He added: “Working in partnership with Sierra Leone, the Energy Africa campaign can help to change that. I am very proud to sign the first ever compact agreement on this campaign with the Government of Sierra Leone to ignite the solar energy market – helping to power business, hospitals and homes, making sure the poorest people no matter where they live can access clean, reliable and affordable energy.”



Sierra Leone solar push aims to bring electricity to all by 2025

LONDON (Thomson Reuters Foundation) – Sierra Leone aims to provide electricity to all of its 6 million citizens by 2025 in a push to boost the economy, expand crucial services such as healthcare, and reduce dependency on aid, officials said on Wednesday.

Less than 12 percent of people in Sierra Leone’s cities have access to electricity, while in rural areas, where most people live, the figure is less than 1 percent.

Under an initiative launched this week, Sierra Leone plans to bring solar power to all of the West African country’s 149 chiefdoms within the next 18 months and deliver power to 1 million people by 2020.

The initiative with Britain’s development aid ministry (DFID) is part of the UK Energy Africa campaign, which aims to help African countries reach a global development goal agreed by U.N. member states to ensure access to energy for all by 2030.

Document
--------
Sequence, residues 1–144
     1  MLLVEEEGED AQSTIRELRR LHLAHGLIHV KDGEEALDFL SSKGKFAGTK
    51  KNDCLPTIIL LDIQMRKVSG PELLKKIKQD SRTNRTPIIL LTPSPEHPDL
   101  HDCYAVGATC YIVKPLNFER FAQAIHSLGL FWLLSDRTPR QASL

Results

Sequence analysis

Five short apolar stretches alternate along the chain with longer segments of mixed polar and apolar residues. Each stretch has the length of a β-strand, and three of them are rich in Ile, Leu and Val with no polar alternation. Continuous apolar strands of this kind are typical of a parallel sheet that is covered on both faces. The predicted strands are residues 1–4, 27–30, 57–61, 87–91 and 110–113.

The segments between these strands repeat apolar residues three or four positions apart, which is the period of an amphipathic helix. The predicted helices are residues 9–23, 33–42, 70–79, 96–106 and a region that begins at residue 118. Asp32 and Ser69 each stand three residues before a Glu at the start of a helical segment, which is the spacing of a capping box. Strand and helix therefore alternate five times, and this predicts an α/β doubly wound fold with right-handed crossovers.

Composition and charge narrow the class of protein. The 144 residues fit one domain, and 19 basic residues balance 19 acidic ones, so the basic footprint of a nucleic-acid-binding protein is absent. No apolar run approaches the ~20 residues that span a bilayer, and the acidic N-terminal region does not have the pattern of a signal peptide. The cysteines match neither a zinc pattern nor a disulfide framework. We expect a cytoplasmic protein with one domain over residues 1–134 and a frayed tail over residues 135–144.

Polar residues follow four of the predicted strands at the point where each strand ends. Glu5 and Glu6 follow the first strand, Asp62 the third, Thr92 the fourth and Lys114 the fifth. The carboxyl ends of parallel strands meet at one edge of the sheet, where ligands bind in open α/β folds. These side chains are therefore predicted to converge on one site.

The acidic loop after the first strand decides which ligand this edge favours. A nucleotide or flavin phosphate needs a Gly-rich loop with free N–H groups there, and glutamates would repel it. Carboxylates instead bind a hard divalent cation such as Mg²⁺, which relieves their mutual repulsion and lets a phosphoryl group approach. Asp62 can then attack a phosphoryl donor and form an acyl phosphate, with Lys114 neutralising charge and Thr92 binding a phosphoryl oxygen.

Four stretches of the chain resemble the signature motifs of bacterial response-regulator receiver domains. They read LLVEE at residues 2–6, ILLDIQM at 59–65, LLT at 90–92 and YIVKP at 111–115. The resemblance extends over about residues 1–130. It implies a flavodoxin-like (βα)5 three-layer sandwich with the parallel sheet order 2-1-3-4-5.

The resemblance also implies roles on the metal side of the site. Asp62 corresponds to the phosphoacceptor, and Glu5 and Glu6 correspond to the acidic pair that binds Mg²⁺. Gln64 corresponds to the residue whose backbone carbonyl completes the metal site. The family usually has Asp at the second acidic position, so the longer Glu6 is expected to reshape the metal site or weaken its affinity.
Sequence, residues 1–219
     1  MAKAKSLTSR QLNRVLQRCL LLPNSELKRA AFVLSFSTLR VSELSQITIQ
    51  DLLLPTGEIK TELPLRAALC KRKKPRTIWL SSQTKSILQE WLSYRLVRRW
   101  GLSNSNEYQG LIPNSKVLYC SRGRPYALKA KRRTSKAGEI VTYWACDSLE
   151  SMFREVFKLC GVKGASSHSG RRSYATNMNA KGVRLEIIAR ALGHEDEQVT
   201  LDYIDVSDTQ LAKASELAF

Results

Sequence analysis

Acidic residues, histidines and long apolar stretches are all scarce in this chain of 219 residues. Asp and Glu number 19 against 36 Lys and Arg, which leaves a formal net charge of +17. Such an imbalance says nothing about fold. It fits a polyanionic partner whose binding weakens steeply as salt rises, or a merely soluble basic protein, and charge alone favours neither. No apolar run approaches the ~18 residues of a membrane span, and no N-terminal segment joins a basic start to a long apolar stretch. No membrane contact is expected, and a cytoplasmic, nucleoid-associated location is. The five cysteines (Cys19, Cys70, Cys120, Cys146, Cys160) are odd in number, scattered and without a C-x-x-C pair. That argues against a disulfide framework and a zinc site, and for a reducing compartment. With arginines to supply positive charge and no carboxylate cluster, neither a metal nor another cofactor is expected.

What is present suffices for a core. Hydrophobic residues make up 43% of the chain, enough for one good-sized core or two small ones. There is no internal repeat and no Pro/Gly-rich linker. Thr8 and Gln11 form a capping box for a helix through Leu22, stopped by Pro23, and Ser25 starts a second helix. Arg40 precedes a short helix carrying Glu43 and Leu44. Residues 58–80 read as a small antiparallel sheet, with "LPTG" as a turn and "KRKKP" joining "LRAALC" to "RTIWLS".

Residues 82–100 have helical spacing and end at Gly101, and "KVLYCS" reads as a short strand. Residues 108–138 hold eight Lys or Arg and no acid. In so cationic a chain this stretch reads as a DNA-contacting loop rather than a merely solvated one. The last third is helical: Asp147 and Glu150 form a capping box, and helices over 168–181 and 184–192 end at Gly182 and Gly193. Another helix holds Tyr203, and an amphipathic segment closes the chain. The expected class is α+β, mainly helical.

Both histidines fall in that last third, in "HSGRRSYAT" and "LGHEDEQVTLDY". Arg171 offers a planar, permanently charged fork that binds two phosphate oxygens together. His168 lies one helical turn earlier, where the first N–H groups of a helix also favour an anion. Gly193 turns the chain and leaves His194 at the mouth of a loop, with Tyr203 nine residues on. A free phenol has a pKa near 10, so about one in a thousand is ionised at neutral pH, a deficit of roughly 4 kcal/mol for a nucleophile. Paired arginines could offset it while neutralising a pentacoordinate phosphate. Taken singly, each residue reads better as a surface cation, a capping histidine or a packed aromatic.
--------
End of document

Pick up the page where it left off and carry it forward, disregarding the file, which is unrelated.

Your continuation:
“I am very proud to sign the first ever compact agreement on this campaign with the government of Sierra Leone to ignite the solar energy market – helping to power business, hospitals and homes, making sure the poorest people no matter where they live can access clean, reliable and affordable energy,” Nick Hurd, DFID minister, said in a statement.

Lack of access to electricity is holding back economic development in many African countries. Only about a third of the population have access to electricity in Sub-Saharan Africa, and in some countries, like Zambia, only 5 percent of rural and 26 percent of the urban population have electricity.

“People end up spending a lot more money on electricity access just by using haphazard means (such as) kerosene lamps, firewood, candles, generators,” said Aminata Dumbuya, Sierra Leone campaign director at the Power for All campaign.

“We are hoping that this new announcement … will now accelerate the private sector to come in with quality, solar products,” she told the Thomson Reuters Foundation by phone from Sierra Leone.

The Sierra Leonean government also plans to eliminate import duties and Value Added Tax (VAT) on internationally certified renewable energy products.

The International Monetary Fund said in March that Sierra Leone’s economy, battered by the world’s worst recorded Ebola epidemic, was expected to grow by 4.3 percent this year after contracting by 21 percent last year.

Ebola has killed some 11,300 people in the West African country and its neighbors Guinea and Liberia since late 2013.

The outbreak raised fears that after more than a decade of peace and economic growth in Sierra Leone and Liberia, which brought hopes that the nations could finally reduce their dependency on aid, Ebola was undermining those achievements.

(Reporting by Magdalena Mis; Editing by Katie Nguyen; Please credit Thomson Reuters Foundation, the charitable arm of Thomson Reuters, that covers humanitarian news, women’s rights, corruption and climate change. Visit